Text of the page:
Café 21 has been family-owned and operated since it opened in 2007. Husband-and-wife team Alex and Leyla Javadov hustle around the restaurant, spreading their passion for cooking and sharing tasty food rooted in their native Azerbaijan. The rustic care taken with each dish is evident.
There are few Russian or former-Soviet-nation-based restaurants in San Diego, and calling Café 21 an “Azerbaijani restaurant” might be a stretch, as its menu is varied and cosmopolitan. But the Javadovs' talent with food is due to the balance between old- and new-world flavors. Their extensive selection of teas and unexpected menu items let patrons know this is an eatery with depth. The flavors of the Javadovs' native country are at once exotic and familiar.
The restaurant is located along Adams Avenue, in an unwelcoming parking lot it shares with an eyesore of a liquor store. However, once you're ensconced on the cozy patio or the small-yet-colorful dining room, the unattractive environs hardly matter.
If you're lucky, your server will be the super-friendly Jason, who will treat you like you're already best pals (seriously, I now know about Jason's tooth enamel, as well as his stance on artificial sweeteners).
As soon as you sit down, you're given a warm, house-made roll, notable not only for the speckled poppy-seed topping and gentle rye flavor, but also its soft and swirly layers, like a savory cinnamon roll.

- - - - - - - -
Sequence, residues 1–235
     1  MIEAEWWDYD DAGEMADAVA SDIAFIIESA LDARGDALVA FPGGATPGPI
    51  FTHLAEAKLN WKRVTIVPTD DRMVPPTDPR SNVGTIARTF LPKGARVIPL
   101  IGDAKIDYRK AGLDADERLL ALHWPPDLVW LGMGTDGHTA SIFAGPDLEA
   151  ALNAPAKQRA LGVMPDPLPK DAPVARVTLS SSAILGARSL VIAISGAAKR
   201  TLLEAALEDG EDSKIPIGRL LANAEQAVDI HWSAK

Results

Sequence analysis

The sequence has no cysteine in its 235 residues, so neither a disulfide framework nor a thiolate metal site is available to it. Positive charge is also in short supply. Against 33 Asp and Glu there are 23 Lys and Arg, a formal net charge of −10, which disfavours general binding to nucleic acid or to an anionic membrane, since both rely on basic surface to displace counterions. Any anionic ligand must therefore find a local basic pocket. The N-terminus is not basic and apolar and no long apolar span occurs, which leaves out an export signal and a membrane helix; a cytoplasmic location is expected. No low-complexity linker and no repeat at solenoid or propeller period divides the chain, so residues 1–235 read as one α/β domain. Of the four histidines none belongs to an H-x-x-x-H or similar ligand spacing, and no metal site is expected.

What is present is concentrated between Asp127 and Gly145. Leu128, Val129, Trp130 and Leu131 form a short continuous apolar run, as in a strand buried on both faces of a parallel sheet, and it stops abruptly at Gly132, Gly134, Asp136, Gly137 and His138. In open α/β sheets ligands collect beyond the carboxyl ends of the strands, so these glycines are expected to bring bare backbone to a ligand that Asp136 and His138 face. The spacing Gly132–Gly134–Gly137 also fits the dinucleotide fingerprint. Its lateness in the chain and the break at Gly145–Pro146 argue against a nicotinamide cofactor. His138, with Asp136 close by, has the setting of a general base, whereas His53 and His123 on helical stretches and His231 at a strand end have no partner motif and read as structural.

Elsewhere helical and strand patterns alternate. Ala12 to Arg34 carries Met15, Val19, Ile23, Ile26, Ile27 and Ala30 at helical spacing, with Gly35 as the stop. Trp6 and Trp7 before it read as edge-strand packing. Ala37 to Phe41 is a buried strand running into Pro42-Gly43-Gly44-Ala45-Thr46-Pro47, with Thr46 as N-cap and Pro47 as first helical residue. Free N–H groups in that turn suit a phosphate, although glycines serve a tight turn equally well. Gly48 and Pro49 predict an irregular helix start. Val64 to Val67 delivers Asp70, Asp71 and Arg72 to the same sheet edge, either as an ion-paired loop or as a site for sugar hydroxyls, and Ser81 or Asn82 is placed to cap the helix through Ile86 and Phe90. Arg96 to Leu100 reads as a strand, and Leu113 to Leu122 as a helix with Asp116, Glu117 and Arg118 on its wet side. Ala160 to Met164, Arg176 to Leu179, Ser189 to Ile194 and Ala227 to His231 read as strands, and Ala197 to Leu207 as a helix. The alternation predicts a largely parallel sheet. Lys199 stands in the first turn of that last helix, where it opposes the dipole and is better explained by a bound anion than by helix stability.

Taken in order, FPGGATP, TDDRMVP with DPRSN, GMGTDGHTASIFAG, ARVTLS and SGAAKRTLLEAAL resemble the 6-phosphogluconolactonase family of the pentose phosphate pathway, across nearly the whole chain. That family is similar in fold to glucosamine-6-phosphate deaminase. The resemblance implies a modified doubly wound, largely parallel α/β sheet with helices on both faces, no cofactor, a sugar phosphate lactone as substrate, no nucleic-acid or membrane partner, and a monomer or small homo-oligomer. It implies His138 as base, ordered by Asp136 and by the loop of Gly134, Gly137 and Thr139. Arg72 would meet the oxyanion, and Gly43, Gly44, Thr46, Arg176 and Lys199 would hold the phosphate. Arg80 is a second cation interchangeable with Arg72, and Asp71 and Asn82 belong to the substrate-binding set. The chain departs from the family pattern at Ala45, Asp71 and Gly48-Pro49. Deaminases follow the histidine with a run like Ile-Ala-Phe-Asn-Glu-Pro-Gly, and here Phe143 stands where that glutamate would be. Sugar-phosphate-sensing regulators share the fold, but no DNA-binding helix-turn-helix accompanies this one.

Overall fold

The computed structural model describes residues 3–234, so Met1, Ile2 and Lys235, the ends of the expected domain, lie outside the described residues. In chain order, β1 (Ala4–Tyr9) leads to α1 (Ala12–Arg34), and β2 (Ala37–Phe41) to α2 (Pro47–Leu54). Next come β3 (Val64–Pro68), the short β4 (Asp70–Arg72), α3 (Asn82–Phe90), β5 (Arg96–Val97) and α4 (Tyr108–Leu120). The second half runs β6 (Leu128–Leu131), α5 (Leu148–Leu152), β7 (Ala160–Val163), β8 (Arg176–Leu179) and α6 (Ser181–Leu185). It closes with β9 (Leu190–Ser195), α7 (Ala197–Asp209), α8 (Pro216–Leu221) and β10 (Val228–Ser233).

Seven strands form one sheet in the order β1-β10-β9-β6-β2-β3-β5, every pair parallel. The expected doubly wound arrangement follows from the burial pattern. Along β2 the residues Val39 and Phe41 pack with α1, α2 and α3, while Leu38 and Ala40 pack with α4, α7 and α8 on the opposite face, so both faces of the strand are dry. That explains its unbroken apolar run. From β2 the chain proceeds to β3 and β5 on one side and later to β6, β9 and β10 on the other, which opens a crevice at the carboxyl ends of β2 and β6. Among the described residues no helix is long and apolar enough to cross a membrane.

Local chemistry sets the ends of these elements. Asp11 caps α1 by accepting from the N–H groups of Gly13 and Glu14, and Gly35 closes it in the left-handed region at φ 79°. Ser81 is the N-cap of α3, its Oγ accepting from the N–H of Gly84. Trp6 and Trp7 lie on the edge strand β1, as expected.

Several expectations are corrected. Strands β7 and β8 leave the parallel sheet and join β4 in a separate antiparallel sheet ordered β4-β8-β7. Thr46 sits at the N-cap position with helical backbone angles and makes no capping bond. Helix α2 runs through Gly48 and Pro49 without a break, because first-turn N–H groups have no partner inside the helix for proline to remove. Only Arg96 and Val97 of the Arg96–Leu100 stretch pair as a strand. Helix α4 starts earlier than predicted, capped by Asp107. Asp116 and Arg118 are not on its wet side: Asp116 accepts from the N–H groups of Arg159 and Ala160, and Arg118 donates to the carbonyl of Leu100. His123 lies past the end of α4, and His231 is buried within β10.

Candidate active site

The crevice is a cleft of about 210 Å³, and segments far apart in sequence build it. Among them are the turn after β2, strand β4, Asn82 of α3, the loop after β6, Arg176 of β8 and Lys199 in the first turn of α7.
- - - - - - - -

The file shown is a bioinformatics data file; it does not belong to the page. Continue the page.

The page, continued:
The pickled wax beans were a fresh and unexpected way to start our meal—flavorful, mild and surprisingly munch-able. But, really, if you're going to order any appetizer, just get the pierogies. Fresh, authentic pierogies aren't the easiest treat to locate in southern California (my Pittsburgh-native mom still laments the lack of the dumplings on every corner), but when you can find them, there's no excuse not to order them. Café 21 doesn't make you choose between delectable filling options. You'll get two with fruit filling (such as peach or pear), two with tart cab bage and two with familiar potato. They are all, however, swimming in nature's perfect nutty cologne: browned butter.
A standout entrée is the stuffed pasta, filled with tender shredded lamb, topped with sweet caramelized onions and smothered in a creamy cilantro sauce. The pasta was perfect in its imperfection—not quite salty enough in one bite, less-than-tender in another, but overall eye-rollingly scrumptious because you knew it had been rolled out just for your meal.
Don't miss the delicious stuffed Azeri grape leaves, ancient in their roots but fresh in their execution, with a hearty tomato sauce and an unexpected-but-enjoyable balsamic reduction drizzled around the plate.
Dessert is pretty much whatever they've made that night, and fortunately for me and sweet-toothed Mr. City Eat, dessert that night was Honey Cake. The cake is a crumbly and moist graham-cracker confection with spicy notes of cinnamon along with decadent layers of a cream-cheese-and-sour-cream frosting. Like much of Café 21's menu, it was rustic and unrefined, yet over-the-top and like no other dessert I've had at any San Diego restaurant.
Luckily for everyone in San Diego, the Javadovs are opening a second and sure-to-bemore-visible Café 21 location in January right on Fifth Avenue in the Gaslamp. Fingers crossed for a full-scale Eurovision celebration, but barring that, I'll be back for pierogies.